Kennedy was the youngest man elected President; he was the youngest to die. Of Irish descent, he was born in Brookline, Massachusetts, on May 29, 1917.

Reagan felt he had fulfilled his campaign pledge of 1980 to restore "the great, confident roar of American progress and growth and optimism."

On September 11, 2001, a day nearly 3,000 Americans were killed, George W. Bush was transformed into a wartime president.

After working his way through college with the help of scholarships and student loans, Obama came to Chicago and worked with a group of churches helping rebuild communities.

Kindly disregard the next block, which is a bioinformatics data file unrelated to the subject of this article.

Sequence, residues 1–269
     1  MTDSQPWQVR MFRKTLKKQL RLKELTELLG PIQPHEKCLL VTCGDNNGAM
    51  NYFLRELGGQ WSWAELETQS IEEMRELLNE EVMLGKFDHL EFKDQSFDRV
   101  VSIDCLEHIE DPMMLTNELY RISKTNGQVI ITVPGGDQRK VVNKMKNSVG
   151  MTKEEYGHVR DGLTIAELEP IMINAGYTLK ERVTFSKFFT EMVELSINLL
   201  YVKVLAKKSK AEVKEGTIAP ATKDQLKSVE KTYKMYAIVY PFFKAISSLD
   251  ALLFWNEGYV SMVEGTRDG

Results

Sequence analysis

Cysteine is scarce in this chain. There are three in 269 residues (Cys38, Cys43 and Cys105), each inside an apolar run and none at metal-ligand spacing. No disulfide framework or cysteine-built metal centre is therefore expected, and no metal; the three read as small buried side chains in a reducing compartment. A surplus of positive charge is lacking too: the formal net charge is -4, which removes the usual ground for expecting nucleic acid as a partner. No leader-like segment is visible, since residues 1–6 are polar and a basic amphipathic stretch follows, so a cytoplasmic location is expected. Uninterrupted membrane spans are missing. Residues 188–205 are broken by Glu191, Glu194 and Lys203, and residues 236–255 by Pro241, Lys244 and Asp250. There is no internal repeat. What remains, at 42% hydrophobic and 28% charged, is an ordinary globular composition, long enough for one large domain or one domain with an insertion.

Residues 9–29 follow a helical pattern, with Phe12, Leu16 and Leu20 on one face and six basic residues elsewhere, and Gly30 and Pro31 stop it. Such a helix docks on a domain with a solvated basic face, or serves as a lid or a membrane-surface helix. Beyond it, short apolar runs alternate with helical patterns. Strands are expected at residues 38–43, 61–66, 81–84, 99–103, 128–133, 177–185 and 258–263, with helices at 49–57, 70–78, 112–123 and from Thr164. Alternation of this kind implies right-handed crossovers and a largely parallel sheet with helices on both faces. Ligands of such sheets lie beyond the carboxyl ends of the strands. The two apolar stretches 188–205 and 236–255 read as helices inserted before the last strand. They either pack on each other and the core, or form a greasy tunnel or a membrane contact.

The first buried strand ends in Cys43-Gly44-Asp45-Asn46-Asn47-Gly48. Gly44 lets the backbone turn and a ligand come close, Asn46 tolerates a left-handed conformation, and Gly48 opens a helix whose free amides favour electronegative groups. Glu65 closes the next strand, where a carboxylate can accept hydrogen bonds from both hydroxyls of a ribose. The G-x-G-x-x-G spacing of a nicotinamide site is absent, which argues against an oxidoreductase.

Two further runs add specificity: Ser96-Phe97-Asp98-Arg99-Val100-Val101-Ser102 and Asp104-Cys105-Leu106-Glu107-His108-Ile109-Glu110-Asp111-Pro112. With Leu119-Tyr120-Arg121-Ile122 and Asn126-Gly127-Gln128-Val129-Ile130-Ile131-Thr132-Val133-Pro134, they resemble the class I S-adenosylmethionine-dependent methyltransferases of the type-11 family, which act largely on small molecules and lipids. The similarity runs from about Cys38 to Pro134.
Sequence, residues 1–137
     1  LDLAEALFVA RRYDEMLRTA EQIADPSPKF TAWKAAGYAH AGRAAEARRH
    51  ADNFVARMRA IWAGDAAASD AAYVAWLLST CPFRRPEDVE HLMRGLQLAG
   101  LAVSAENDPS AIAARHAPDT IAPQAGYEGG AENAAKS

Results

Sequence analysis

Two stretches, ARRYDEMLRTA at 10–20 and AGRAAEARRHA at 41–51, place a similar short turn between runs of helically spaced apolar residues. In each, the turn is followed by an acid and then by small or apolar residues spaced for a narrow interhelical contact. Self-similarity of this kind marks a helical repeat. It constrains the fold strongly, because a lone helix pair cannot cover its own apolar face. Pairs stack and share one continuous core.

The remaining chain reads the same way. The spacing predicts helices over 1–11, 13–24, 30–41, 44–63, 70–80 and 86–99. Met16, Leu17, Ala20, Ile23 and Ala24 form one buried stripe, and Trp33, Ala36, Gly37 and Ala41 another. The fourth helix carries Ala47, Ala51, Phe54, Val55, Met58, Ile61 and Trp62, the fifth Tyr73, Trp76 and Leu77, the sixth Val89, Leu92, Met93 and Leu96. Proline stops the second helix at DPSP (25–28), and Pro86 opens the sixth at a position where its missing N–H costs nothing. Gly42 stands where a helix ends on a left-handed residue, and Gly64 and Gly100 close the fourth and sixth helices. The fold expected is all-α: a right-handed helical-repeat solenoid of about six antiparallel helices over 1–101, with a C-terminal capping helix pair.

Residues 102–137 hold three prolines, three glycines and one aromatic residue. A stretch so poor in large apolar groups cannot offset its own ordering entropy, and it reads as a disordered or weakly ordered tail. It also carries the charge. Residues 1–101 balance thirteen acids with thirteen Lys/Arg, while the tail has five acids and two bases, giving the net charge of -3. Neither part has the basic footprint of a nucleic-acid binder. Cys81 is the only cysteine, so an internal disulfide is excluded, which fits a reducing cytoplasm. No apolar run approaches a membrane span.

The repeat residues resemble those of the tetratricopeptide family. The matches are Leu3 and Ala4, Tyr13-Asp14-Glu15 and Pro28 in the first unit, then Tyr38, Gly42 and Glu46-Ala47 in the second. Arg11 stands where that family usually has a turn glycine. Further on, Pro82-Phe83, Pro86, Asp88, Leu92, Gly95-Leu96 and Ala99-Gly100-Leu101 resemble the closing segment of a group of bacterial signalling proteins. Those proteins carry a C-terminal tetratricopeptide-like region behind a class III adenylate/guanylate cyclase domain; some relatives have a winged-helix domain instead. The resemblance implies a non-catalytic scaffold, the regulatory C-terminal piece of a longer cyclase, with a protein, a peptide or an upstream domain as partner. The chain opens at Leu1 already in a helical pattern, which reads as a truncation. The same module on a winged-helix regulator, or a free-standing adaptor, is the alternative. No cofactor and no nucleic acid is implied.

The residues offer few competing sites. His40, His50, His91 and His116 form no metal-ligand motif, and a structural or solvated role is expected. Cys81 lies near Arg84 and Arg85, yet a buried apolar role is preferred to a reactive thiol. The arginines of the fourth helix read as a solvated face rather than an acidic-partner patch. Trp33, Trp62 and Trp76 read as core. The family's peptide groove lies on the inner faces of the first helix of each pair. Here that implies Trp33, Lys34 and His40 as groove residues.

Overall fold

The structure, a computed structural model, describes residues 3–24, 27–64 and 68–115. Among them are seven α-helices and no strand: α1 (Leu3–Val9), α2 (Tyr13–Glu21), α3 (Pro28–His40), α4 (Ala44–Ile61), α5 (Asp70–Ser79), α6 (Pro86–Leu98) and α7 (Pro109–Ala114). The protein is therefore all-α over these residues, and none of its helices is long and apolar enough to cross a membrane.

On April 30, 1789, George Washington, standing on the balcony of Federal Hall on Wall Street in New York, took his oath of office as the first President of the United States.

As the "silent member" of the Continental Congress, Jefferson, at 33, drafted the Declaration of Independence.

Lincoln made extraordinary efforts to attain knowledge while working on a farm, splitting rails for fences, and keeping store at New Salem, Illinois.

When he left office, Eisenhower stated, "America is today the strongest, most influential, and most productive nation in the world."

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